Photo Essay

  • Martha Mark, the mother of one of the kidnapped school girls cries as she displays her photo, in the family house, in Chibok, Nigeria, May 19, 2014.
  • Schoolgirls who have escaped from Boko Haram kidnappers in the village of Chibok, arrive at the Government house to speak with State Governor Kashim Shettima in Maiduguri on June 2, 2014.
  • Mothers of kidnapped girls weep on the grounds of the burned-out ruins of Chibok Government Girls Secondary School before a speech by a visiting local dignitary in Chibok, Nigeria, May 11, 2014.
  • Three girls, who escaped after they were abducted in the remote village of Chibok, walk while covered in white sheets as they are led out of a hall after a news conference in Lagos June 5, 2014. Several mothers of girls being held in Nigeria by militant group Boko Haram gathered in Lagos on Thursday, where non-government organisations and a U.S. state congressman offered them therapy and support. Boko Haram, a militant group waging a campaign to create an Islamic state in the region, abducted 276 girls from a?school?in Chibok on April 14. The three girls were covered in white sheets to protect their identities for fear of repercussions. REUTERS/Akintunde Akinleye (NIGERIA - Tags: CRIME LAW POLITICS RELIGION CIVIL UNREST TPX IMAGES OF THE DAY) - RTR3SEUT
  • Kenyan activists shout slogans during a demonstration to protest against kidnapping of Nigerian school girls by Nigeria’s Islamist militant group Boko Haram, in Nairobi, Kenya, 15 May 2014.
  • Women attend a demonstration calling on the Nigerian government to rescue kidnapped schoolgirls from a Chibok secondary school, in Lagos, Nigeria, May. 5, 2014.
  • Nigerians shout slogans as they march during a demonstration to demand government to rescue schoolgirls abducted by suspected Boko Haram militants two weeks ago, in Lagos, Nigeria on May 01, 2014.
  • A girl attends a demonstration calling on the government to rescue kidnapped girls from a Chibok secondary school, during a workers day celebration in Lagos, Nigeria, May, 1. 2014.
  • Members of Lagos based civil society groups shout slogans calling for the release of missing Chibok schoolgirls at the state government house, in Lagos, Nigeria, on May 5, 2014.
  • Anti-riot police tear gas polytechnic students protesting the closure of schools in Abuja on April 29, 2014.
  • Nigerian security forces stand guard as demonstrators march during a rally to demand the government rescue schoolgirls abducted by suspected Boko Haram militants two weeks ago, in Lagos, Nigeria, May 01, 2014.
  • Women rest after a protest demanding the release of abducted secondary schoolgirls from the remote village of Chibok, in Lagos May 5, 2014.
  • A policeman stands beside children holding signs at a rally calling for the release of missing Chibok schoolgirls at the state government house, in Lagos, Nigeria, on May 5, 2014.
  • Women holding signs take part in a protest demanding the release of abducted secondary schoolgirls from the remote village of Chibok, in Lagos May 5, 2014.
  • An unidentified mother cries out during a demonstration with others who have daughters among the kidnapped Chibok schoolgirls, Tuesday April 29, 2014, in Abuja, Nigeria.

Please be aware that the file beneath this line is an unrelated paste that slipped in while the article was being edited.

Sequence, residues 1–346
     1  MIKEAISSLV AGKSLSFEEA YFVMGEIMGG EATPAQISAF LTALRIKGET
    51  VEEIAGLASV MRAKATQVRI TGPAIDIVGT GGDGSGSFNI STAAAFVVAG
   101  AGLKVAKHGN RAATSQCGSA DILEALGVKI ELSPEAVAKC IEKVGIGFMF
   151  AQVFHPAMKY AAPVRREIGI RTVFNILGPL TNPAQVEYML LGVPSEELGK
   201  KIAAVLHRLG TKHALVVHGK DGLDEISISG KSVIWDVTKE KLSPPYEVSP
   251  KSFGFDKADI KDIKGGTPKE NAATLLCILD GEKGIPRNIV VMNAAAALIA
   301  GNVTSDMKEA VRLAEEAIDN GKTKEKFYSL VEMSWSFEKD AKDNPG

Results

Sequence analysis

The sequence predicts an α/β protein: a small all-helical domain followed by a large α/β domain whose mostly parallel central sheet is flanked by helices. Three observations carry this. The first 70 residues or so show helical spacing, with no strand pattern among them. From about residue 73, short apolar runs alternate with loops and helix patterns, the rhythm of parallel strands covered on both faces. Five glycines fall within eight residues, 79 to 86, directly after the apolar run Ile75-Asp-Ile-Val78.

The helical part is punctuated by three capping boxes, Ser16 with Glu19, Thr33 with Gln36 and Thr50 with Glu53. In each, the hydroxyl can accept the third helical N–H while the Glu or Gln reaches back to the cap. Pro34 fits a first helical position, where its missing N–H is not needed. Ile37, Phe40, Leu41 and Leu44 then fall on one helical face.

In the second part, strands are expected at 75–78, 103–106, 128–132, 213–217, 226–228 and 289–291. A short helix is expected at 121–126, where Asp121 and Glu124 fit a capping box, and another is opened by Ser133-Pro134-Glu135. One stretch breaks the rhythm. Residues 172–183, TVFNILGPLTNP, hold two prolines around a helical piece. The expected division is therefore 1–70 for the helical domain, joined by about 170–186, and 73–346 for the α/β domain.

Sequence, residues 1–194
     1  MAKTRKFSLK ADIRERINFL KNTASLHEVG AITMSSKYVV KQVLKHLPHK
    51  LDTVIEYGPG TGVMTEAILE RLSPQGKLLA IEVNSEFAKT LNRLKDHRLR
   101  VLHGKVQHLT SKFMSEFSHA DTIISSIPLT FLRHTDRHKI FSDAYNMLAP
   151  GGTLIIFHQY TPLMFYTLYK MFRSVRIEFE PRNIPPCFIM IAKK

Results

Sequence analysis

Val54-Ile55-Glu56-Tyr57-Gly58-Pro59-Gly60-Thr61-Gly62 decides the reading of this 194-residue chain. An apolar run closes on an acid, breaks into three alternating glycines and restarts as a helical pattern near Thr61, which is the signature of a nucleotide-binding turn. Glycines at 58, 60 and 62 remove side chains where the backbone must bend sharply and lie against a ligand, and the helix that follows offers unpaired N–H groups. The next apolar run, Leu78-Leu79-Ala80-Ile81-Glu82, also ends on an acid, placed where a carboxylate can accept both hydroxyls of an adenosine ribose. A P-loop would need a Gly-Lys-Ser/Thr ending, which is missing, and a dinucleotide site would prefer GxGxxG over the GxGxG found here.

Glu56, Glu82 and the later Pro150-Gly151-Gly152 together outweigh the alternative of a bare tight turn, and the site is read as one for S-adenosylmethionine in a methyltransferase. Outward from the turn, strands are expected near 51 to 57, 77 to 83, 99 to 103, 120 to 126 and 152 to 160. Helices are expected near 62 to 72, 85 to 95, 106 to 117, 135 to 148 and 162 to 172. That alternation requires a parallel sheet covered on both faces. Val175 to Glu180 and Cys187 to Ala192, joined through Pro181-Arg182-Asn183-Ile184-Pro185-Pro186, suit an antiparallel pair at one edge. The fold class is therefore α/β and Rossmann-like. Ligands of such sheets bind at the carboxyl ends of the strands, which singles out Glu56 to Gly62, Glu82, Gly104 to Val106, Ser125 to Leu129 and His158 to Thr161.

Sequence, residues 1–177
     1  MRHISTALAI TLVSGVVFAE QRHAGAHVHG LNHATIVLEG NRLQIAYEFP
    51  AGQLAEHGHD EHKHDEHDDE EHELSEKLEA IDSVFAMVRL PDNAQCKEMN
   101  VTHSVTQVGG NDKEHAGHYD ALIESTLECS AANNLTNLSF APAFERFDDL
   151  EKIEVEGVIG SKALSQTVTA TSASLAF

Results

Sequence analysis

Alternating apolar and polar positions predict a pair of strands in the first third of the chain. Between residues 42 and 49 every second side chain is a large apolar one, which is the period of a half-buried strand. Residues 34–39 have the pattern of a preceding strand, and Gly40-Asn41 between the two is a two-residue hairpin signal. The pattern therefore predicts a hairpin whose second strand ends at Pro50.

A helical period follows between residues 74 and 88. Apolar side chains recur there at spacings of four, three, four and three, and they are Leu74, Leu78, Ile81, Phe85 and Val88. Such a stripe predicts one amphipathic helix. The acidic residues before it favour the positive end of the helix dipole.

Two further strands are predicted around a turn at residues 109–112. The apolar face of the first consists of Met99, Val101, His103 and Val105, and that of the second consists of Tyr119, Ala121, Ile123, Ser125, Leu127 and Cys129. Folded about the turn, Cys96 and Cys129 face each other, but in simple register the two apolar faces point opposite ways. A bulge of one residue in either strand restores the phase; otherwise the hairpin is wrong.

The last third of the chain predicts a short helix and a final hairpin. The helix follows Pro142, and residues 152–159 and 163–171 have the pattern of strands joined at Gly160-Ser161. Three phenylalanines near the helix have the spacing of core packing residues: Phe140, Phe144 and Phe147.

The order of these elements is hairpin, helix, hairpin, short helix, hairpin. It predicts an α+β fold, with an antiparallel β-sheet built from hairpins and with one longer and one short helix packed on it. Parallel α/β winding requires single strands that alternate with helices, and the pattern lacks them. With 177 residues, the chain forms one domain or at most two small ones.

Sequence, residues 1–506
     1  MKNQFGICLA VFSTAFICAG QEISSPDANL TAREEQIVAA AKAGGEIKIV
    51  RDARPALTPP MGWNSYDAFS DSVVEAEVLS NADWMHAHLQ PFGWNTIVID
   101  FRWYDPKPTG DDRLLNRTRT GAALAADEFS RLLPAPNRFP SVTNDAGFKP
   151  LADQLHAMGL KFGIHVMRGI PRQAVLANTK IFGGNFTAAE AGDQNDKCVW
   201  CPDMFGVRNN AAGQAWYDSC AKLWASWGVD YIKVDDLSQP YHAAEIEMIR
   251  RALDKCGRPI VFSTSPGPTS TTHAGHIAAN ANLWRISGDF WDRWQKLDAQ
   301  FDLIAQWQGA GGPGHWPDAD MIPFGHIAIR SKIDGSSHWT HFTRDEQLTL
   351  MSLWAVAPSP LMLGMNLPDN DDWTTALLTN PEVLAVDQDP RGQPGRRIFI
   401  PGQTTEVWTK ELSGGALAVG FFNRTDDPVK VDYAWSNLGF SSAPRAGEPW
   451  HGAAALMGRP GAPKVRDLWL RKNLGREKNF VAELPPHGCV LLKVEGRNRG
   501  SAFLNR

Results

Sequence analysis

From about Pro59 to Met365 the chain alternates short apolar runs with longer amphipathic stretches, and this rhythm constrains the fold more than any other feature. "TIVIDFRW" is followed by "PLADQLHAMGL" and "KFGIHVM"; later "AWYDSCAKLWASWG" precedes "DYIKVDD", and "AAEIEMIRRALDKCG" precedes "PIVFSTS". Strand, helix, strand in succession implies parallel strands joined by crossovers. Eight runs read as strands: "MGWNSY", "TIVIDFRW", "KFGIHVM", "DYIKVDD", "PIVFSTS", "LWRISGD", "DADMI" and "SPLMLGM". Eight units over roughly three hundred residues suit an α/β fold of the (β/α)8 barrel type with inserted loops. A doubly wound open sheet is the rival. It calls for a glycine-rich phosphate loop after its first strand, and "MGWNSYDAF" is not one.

• Four female students from a government secondary school in Chibok, who were abducted by gunmen and reunited with their families, walk in Chibok, Nigeria, April 21, 2014.
  • Women holding signs take part in a protest demanding the release of abducted secondary schoolgirls from the remote village of Chibok, in Lagos May 5, 2014.
  • People holding signs take part in a protest demanding the release of abducted secondary schoolgirls from the remote village of Chibok, in Lagos May 5, 2014.
  • People take part in a protest demanding the release of abducted secondary schoolgirls from the remote village of Chibok, in Lagos May 5, 2014.
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Nigerian schoolgirls have been missing for 100 days

Updated

July 22 marked 100 days since an Islamist militant group kidnapped hundreds of Nigerian schoolgirls from their dormitories. Concern for their safety continues as their parents and residents of the surrounding area still search for answers.

Boko Haram, the group that claimed responsibility for the mass abduction, initially took at least 276 girls from their school dormitories in Chibok and drove away with them in trucks in the middle of the night on April 14. They later captured more young women and threatened to “sell” them on the market.

The radical Islamist group has since attacked the northeastern town of Chibok. Nearly a dozen of the girls’ parents have died during the violence.

The kidnapping created an international outcry with some people criticizing Nigerian President Goodluck Jonathan’s response to the missing teenagers.

A video emerged in May that appeared to show footage of at least 100 of the girls praying and dressed in full-length, black veils. World leaders, including President Barack Obama, called on the international community to respond to what they deemed “appalling actions” in Nigeria. At the request of Secretary of State John Kerry, a team of Americans traveled in May to Nigeria to assist leaders in their search efforts.

Politicians and celebrities took to Twitter using the hashtag #BringBackOurGirls to encourage the release of the teenage girls.

Boko Haram, which translates to “Western education is forbidden,” has been known for attacking schools, police stations, government buildings and churches. Members aim to establish an Islamist state in Nigeria, Africa’s most populous country.